Troubling Speed of Global Warming
Professor James Lovelock is making similar warnings as those found in this blog lately, that the rate of observable global heating appears to far exceed even the most pessimistic predictions [ark | moreark] made by the cautious, conservative and at times political IPCC climate science process. He expresses concern that the speed with which climate change [search] is progressing will lead to ecological and social crises as “6 to 8 billion people face diminishing food and water supplies in an increasingly intolerable climate”. Earlier this year the IPCC concluded in their fourth assessment that the full range of projected temperature increase by the end of the century was 1.1 to 6.4 degrees Celsius, with a best estimate range of 1.8 to 4.0 degrees Celsius (linked Guardian article differs).
Yet Professor Lovelock believes even this quite substantial and dramatic rate of global warming understates the speed with which climate is changing now. IPCC predictions made earlier this year appear to be dramatically outdated already, as global heating impacts have revealed themselves in actuality rather than models. Troublingly Lovelock suggests this means that staggered, slow efforts to reduce emissions and promote sustainable development will fail due to sheer inertia and lack of time. He states “we are at war with the Earth and as in a blitzkrieg, events proceed faster than we can respond … For this reason alone, it is probably too late for sustainable development… implementing Kyoto or some super-Kyoto is most unlikely to succeed” largely because of climatic feedbacks.
Professor Lovelock believes IPCC computer models underestimate the magnitude of climate change by failing to consider manners in which living organisms release and absorb greenhouse gases; failing to account adequately for climate impacts of deforestation, marine population reductions and ocean acidification. Further, I note IPCC predictions not only generally exclude the possibility of the most extreme abrupt and runaway climate change [search] outcomes, but they also fail to adequately take positive climate change feedbacks into account. And they only go out for 100 years, what happens after that?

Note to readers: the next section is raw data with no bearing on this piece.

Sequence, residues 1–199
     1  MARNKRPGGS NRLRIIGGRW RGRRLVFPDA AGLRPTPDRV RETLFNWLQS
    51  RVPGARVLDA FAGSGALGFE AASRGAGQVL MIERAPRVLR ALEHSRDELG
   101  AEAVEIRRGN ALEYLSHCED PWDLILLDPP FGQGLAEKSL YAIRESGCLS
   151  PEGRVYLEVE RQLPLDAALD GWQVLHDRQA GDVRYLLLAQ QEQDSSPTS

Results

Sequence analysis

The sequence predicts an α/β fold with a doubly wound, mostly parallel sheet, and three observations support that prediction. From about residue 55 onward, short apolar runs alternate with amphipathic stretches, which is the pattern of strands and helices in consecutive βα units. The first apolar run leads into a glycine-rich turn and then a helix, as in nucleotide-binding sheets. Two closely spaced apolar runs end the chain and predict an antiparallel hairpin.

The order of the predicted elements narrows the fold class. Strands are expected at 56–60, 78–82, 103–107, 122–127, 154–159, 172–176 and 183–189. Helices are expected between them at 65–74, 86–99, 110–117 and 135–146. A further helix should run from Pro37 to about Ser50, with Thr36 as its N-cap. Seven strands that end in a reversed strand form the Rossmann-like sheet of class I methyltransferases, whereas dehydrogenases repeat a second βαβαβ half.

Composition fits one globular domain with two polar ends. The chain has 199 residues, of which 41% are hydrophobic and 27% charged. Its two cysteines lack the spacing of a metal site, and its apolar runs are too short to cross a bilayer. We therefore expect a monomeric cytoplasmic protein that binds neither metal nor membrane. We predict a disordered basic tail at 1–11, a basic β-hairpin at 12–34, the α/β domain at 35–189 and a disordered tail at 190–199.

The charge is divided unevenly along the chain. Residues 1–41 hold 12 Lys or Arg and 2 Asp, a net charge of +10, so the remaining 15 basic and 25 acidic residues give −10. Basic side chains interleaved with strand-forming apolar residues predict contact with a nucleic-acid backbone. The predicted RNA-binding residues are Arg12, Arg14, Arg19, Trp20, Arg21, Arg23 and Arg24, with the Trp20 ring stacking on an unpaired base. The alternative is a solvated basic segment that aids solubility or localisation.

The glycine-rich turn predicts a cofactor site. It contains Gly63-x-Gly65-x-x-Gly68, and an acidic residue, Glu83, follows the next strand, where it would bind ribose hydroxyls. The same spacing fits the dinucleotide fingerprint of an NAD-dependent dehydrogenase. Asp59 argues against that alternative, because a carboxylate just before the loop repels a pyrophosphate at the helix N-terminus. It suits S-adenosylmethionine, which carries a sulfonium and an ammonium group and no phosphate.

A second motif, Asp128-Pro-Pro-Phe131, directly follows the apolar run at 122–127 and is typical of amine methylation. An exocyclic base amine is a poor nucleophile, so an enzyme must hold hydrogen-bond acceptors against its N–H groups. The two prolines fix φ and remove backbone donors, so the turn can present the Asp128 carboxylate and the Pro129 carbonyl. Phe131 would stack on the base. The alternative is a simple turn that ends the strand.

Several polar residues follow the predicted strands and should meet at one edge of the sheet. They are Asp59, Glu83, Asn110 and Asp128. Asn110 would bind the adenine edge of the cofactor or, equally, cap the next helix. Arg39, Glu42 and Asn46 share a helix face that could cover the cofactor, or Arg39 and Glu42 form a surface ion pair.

The point of the matter is that there exists great uncertainty [ark] regarding the rate and scale of impacts of climate change, that may not ever be able to be predicted prior to being revealed by their occurrence. Whether or not you agree with the assessment that we are farther along towards abrupt and runaway climate change than generally acknowledged, these more pessimistic assessments need to be given more prominence, as they have been excluded as international scientists and governments seek concensus rather than truth and the full range of possibilities. It may or may not be too late to embrace emissions cuts and sustainable development of the magnitude needed in the time we have. Yet clearly we need to be speaking of emission cut goals for 2015 and not 2050; and outlawing known climate culprits as we purse alternatives.